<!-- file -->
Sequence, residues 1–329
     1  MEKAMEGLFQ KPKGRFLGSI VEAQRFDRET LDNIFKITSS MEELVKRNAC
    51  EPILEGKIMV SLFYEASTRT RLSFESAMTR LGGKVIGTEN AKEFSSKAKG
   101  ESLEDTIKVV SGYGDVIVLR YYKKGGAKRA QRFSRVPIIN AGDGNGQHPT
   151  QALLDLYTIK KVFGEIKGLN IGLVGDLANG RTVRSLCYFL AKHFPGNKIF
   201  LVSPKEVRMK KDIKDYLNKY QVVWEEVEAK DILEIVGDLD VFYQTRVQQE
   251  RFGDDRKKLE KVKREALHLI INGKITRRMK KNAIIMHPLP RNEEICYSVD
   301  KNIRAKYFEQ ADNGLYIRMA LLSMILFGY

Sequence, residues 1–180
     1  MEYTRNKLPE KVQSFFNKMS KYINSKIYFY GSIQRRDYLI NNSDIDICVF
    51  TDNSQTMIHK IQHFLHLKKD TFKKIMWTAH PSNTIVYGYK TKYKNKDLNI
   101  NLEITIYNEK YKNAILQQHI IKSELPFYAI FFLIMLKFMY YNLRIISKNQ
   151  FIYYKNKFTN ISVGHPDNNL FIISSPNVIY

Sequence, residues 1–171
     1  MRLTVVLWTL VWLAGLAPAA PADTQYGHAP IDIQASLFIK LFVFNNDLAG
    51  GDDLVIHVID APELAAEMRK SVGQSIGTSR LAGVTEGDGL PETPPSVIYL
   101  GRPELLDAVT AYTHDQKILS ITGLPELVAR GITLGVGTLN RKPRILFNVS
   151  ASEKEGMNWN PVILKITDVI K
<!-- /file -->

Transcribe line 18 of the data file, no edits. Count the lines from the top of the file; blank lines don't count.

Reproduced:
   151  ASEKEGMNWN PVILKITDVI K